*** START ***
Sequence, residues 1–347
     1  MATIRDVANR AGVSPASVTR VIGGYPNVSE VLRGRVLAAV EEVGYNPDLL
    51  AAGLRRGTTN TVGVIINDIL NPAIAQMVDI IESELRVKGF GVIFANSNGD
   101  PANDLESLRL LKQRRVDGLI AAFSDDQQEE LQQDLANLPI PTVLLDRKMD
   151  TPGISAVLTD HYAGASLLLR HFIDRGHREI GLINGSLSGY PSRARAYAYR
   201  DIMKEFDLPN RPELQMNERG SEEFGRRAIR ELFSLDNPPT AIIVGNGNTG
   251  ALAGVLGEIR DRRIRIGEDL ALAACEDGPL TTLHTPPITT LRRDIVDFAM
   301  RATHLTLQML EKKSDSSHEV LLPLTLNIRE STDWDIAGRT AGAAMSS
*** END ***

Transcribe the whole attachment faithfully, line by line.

Sequence, residues 1–347
     1  MATIRDVANR AGVSPASVTR VIGGYPNVSE VLRGRVLAAV EEVGYNPDLL
    51  AAGLRRGTTN TVGVIINDIL NPAIAQMVDI IESELRVKGF GVIFANSNGD
   101  PANDLESLRL LKQRRVDGLI AAFSDDQQEE LQQDLANLPI PTVLLDRKMD
   151  TPGISAVLTD HYAGASLLLR HFIDRGHREI GLINGSLSGY PSRARAYAYR
   201  DIMKEFDLPN RPELQMNERG SEEFGRRAIR ELFSLDNPPT AIIVGNGNTG
   251  ALAGVLGEIR DRRIRIGEDL ALAACEDGPL TTLHTPPITT LRRDIVDFAM
   301  RATHLTLQML EKKSDSSHEV LLPLTLNIRE STDWDIAGRT AGAAMSS